• I don't think those dinglespeed cogs work that well, I do a similar thing with my Mary. Instead of having a bashguard, I have another chainring, so I have a 32t and a 35t chainring, which means I can run a 32/19 ratio and a 35/16 ratio (I can go one or two teeth either way and take up the difference with the EBB), which means i've got an off-road gear in the high-40s and a road gear of mid-60s. Probably takes a minute or so longer than the dinglespee setup but you'll make that up pretty easily as you'll have proper gearing for your environment.

  • as for sizing that depends. noodling along towpaths = longer TT/stem compared to ragging it offroad which means shorter/higher and a QR for your seatpost.

    This^

    Think of the differing ETT's offered by a sportive and a racing road bike of the same 'size'. Consider how similar these riding styles actually are. Then consider the difference between riding handbag-XC and full-on all-mountain.

    A total reach (ETT+stem+bar-reach) of around 70cm works for me on the road, whereas 66cm seems good for handbag'in it around light trails. When I ventured into the tough stuff, there was no doubt that both bars and bum could have been an inch or so back. But I have plans for full sus 26" all-mountain bike that.

  • noodling along canal paths etc, riding out in longleat when visiting my dad things of that nature

    was thinking of a single speed bike, but with the option to gear it up later and with the option to sling panniers on

    probably not looking to do real technical mtb stuff, so hard tail 29er seems to offer decent comfort and speed

    If that is all you are doing I would agree with MrsMyth, a cyclo cross bike would be more use for waht you're proposing, if you do go for a mtb don't even go for a hardtail, fully rigid will be more than enough the weight and expense of the suspension forks are not worth it.

    Re beam racks, they are heavy, sway around, carry the load too high nad have a low load weight. If you want a rack get a proper one tubus and OMM do ones that fit bikes without rack brazeons.

  • sweet

    another part of the reason for mtb is that i want to go riding with the gf

    she does not enjoy riding a road bike but has expressed interest in riding off road and also wants a more upright position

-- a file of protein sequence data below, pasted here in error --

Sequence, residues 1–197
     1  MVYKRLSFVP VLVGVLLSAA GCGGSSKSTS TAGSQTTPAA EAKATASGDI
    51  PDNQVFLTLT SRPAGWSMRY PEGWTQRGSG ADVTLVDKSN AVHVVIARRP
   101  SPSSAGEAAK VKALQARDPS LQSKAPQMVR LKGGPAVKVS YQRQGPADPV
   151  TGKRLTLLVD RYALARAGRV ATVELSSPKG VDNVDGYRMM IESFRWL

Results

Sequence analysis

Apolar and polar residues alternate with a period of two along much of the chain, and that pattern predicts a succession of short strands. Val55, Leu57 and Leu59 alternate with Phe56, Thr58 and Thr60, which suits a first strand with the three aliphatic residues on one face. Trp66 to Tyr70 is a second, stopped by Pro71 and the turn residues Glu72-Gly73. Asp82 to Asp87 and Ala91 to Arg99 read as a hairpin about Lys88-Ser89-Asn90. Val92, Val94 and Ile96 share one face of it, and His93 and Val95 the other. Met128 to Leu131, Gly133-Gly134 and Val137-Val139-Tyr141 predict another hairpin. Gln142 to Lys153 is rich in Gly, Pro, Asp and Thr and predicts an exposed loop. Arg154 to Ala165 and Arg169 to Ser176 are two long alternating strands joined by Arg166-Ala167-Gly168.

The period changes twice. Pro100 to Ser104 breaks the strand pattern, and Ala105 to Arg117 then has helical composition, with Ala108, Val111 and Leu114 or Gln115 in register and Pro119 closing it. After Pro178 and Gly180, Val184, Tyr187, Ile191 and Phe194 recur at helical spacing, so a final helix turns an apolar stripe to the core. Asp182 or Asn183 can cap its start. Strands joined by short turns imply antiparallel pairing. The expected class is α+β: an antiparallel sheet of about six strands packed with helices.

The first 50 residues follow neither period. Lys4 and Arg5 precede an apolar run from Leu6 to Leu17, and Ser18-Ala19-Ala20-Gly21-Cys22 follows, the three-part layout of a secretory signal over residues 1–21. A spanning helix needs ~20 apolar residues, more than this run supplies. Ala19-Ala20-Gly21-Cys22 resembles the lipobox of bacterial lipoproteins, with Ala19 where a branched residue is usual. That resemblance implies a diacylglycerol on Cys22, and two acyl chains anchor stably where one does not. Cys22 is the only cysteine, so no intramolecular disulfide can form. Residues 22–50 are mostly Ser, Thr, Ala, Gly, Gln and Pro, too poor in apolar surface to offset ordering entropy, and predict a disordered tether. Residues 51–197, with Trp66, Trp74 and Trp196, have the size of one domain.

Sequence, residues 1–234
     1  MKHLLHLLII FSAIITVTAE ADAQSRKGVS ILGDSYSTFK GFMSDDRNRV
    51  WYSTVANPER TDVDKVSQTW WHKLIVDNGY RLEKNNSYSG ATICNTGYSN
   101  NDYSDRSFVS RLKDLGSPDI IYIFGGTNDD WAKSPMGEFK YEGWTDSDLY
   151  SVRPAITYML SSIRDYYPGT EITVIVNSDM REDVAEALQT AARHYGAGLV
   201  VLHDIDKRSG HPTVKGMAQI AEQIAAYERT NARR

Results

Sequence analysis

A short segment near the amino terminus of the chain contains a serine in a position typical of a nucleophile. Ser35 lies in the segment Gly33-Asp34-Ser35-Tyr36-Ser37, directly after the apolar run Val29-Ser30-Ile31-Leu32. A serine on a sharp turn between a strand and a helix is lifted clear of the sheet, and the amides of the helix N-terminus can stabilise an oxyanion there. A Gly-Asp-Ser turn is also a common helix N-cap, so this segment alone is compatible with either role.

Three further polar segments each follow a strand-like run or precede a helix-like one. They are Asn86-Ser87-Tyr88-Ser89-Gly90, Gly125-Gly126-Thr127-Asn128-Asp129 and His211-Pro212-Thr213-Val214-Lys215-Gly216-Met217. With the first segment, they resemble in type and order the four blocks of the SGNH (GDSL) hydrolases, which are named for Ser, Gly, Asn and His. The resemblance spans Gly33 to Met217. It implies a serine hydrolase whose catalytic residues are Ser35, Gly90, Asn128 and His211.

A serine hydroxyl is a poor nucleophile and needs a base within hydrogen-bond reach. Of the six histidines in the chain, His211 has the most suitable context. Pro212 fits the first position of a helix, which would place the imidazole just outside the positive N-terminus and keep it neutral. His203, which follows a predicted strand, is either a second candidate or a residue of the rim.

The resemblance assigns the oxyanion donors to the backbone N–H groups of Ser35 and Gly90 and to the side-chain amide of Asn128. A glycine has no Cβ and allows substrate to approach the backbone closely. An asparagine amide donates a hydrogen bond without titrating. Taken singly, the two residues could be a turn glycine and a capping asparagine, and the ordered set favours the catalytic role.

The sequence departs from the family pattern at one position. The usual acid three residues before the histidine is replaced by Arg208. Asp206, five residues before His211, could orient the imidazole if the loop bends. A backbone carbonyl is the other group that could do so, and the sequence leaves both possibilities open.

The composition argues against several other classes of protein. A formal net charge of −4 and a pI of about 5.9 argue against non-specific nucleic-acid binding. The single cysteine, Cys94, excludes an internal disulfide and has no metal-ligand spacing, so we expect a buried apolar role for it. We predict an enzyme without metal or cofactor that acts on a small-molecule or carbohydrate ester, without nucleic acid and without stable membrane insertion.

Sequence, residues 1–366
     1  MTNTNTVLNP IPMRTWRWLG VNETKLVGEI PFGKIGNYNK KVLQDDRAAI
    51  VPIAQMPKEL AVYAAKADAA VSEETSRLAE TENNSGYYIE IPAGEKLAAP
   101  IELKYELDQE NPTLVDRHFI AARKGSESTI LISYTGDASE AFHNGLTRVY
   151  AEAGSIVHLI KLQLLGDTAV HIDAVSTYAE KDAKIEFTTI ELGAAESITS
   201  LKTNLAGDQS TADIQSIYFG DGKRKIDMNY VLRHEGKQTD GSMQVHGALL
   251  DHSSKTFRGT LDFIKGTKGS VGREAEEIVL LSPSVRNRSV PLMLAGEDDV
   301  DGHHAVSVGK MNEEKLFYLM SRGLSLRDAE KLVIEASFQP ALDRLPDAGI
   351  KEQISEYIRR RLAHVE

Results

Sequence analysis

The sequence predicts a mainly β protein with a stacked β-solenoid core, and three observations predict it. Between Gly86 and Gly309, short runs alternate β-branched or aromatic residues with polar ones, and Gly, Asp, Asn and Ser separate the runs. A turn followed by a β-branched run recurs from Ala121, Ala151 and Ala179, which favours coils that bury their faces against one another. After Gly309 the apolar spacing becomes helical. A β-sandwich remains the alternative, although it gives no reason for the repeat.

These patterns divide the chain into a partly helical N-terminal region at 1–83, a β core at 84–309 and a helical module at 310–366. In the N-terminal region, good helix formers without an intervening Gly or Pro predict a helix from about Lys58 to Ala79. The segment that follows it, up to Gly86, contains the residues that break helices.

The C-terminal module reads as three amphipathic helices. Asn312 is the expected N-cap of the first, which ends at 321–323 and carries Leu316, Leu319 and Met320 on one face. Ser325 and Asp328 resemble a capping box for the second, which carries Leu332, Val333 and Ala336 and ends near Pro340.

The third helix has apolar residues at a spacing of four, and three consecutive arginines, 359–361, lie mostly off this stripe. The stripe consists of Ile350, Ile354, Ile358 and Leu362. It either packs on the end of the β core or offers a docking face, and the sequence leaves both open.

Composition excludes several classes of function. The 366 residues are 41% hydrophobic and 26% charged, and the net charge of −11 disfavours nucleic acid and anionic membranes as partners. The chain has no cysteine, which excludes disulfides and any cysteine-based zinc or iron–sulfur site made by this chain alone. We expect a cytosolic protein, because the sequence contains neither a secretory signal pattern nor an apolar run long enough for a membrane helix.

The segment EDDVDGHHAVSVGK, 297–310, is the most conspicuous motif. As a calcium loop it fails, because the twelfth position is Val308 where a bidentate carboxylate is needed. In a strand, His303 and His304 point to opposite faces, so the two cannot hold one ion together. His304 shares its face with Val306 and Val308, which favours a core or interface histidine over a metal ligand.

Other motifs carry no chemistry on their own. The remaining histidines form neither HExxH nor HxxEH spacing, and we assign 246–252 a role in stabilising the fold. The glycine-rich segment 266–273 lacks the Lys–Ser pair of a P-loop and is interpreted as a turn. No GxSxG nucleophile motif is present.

if she went for an mtb and i were on a cyclocross bike i could imagine i would end up disappearing into the distance, the idea is to do an activity together and to get fit

    also most of the people i know who do cyclocross compete, and i am still averse to making my cycling a competitive activity

  • sweet

    another part of the reason for mtb is that i want to go riding with the gf

    she does not enjoy riding a road bike but has expressed interest in riding off road and also wants a more upright position

    if she went for an mtb and i were on a cyclocross bike i could imagine i would end up disappearing into the distance, the idea is to do an activity together and to get fit

    also most of the people i know who do cyclocross compete, and i am still averse to making my cycling a competitive activity

    Cyclo-x bikes with rack and guard mounts are soooooo useful though, and the difference between 29ers and cyclo-x bike is becoming smaller all the time.

    The fargo is a pretty useful looking 29er

  • I personally find Cyclo cross bikes a bit faster off road but not to the point where you would be leaving your gf in the distance anymore than if you were on an MTB. You will just need to go slower!

  • +1 If you are riding with someone slower you just have to slow down and keep an eye that you are not just leaving them in the distance. Consideration.

  • If you are only riding light trails. then having a cyclo-x bike makes everything a little more challenging. So it might help even out the cycling abilies some.

  • fuck me...
    all i should've done was waited with my insurance money and bought that fargo.
    it does what the geekhouse is meant to do (and will do at some point)

  • Get a twenty niner James. You then have the ability to run cyclocross tyres if you want speed AND MTB tyres if you want to ride some proper off road.

    Personally, if i had the money, and knowing your love of titanium, I'd go with the guy who has been pioneering big wheels for the longest, and it ain't gary fisher!

    Wes willits!
    His monster x is the one for you!
    Especially if you get the custom options for rack/fender/wiggly back end etc.

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To all you 29er's out there!

Posted by Avatar for Rascal @Rascal